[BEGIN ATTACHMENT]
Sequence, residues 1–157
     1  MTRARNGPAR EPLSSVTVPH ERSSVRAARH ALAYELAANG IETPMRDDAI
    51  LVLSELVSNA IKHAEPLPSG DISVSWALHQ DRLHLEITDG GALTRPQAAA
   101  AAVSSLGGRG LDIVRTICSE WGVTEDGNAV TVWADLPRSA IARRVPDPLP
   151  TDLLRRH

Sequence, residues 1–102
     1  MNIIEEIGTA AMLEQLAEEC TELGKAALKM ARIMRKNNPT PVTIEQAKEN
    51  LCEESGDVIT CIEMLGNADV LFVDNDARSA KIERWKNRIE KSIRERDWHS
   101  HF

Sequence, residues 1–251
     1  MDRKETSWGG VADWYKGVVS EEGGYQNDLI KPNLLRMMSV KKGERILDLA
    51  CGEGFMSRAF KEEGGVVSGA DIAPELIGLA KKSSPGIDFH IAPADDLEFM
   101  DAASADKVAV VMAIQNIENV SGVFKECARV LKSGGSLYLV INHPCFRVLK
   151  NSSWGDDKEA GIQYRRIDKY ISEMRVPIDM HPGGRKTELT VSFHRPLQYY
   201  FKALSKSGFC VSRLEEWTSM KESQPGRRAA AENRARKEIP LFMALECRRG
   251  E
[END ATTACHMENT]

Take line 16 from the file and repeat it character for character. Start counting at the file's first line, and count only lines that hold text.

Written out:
   251  E